Recorded on January 21, 2010

Everybody thinks automobiles need to have engines. They don’t. We need to radically change our perception of transportation.

Your genetics influence how resilient you are to the cold

What makes some people more likely to shiver than others?

KIRILL KUDRYAVTSEV/AFP via Getty Images
Surprising Science

Some people just aren't bothered by the cold, no matter how low the temperature dips. And the reason for this may be in a person's genes.

Keep reading Show less

Harvard study finds perfect blend of fruits and vegetables to lower risk of death

Eating veggies is good for you. Now we can stop debating how much we should eat.

Credit: Pixabay
Surprising Science
  • A massive new study confirms that five servings of fruit and veggies a day can lower the risk of death.
  • The maximum benefit is found at two servings of fruit and three of veggies—anything more offers no extra benefit according to the researchers.
  • Not all fruits and veggies are equal. Leafy greens are better for you than starchy corn and potatoes.
Keep reading Show less

A landslide is imminent and so is its tsunami

An open letter predicts that a massive wall of rock is about to plunge into Barry Arm Fjord in Alaska.

Image source: Christian Zimmerman/USGS/Big Think
Surprising Science
  • A remote area visited by tourists and cruises, and home to fishing villages, is about to be visited by a devastating tsunami.
  • A wall of rock exposed by a receding glacier is about crash into the waters below.
  • Glaciers hold such areas together — and when they're gone, bad stuff can be left behind.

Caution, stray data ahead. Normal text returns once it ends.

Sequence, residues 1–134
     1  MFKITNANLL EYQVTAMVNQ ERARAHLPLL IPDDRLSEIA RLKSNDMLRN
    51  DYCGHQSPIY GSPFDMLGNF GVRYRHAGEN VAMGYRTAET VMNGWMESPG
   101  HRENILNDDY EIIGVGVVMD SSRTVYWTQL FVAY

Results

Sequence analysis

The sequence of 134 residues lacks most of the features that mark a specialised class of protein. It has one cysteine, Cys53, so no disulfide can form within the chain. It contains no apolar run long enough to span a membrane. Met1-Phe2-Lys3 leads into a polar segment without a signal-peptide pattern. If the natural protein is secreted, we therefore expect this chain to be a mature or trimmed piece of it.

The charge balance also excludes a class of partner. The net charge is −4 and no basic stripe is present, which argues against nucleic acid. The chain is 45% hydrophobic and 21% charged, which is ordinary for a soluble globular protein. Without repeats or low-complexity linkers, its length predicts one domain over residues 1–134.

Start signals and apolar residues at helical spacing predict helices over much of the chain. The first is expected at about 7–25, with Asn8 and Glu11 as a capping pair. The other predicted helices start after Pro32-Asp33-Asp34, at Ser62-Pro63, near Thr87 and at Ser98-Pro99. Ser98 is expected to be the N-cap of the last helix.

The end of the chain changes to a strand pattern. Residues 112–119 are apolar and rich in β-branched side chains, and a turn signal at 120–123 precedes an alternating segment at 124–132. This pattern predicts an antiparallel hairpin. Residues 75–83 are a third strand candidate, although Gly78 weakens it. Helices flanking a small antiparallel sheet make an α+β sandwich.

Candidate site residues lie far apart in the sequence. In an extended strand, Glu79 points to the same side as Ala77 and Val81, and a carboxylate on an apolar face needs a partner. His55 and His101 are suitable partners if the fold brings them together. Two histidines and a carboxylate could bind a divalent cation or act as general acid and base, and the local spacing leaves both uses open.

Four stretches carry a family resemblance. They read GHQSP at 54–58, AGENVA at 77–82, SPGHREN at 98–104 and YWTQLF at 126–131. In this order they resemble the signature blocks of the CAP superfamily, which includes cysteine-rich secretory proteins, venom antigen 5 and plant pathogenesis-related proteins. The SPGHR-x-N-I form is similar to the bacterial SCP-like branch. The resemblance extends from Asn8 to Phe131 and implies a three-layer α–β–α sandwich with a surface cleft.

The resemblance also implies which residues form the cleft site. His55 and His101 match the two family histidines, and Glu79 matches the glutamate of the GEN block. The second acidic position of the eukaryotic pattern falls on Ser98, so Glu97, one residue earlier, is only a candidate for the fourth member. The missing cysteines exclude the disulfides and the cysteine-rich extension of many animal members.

The Barry Glacier gives its name to Alaska's Barry Arm Fjord, and a new open letter forecasts trouble ahead.

Thanks to global warming, the glacier has been retreating, so far removing two-thirds of its support for a steep mile-long slope, or scarp, containing perhaps 500 million cubic meters of material. (Think the Hoover Dam times several hundred.) The slope has been moving slowly since 1957, but scientists say it's become an avalanche waiting to happen, maybe within the next year, and likely within 20. When it does come crashing down into the fjord, it could set in motion a frightening tsunami overwhelming the fjord's normally peaceful waters .

"It could happen anytime, but the risk just goes way up as this glacier recedes," says hydrologist Anna Liljedahl of Woods Hole, one of the signatories to the letter.

The Barry Arm Fjord

Camping on the fjord's Black Sand Beach

Image source: Matt Zimmerman

The Barry Arm Fjord is a stretch of water between the Harriman Fjord and the Port Wills Fjord, located at the northwest corner of the well-known Prince William Sound. It's a beautiful area, home to a few hundred people supporting the local fishing industry, and it's also a popular destination for tourists — its Black Sand Beach is one of Alaska's most scenic — and cruise ships.

Not Alaska’s first watery rodeo, but likely the biggest

Image source: whrc.org

There have been at least two similar events in the state's recent history, though not on such a massive scale. On July 9, 1958, an earthquake nearby caused 40 million cubic yards of rock to suddenly slide 2,000 feet down into Lituya Bay, producing a tsunami whose peak waves reportedly reached 1,720 feet in height. By the time the wall of water reached the mouth of the bay, it was still 75 feet high. At Taan Fjord in 2015, a landslide caused a tsunami that crested at 600 feet. Both of these events thankfully occurred in sparsely populated areas, so few fatalities occurred.

The Barry Arm event will be larger than either of these by far.

"This is an enormous slope — the mass that could fail weighs over a billion tonnes," said geologist Dave Petley, speaking to Earther. "The internal structure of that rock mass, which will determine whether it collapses, is very complex. At the moment we don't know enough about it to be able to forecast its future behavior."

Outside of Alaska, on the west coast of Greenland, a landslide-produced tsunami towered 300 feet high, obliterating a fishing village in its path.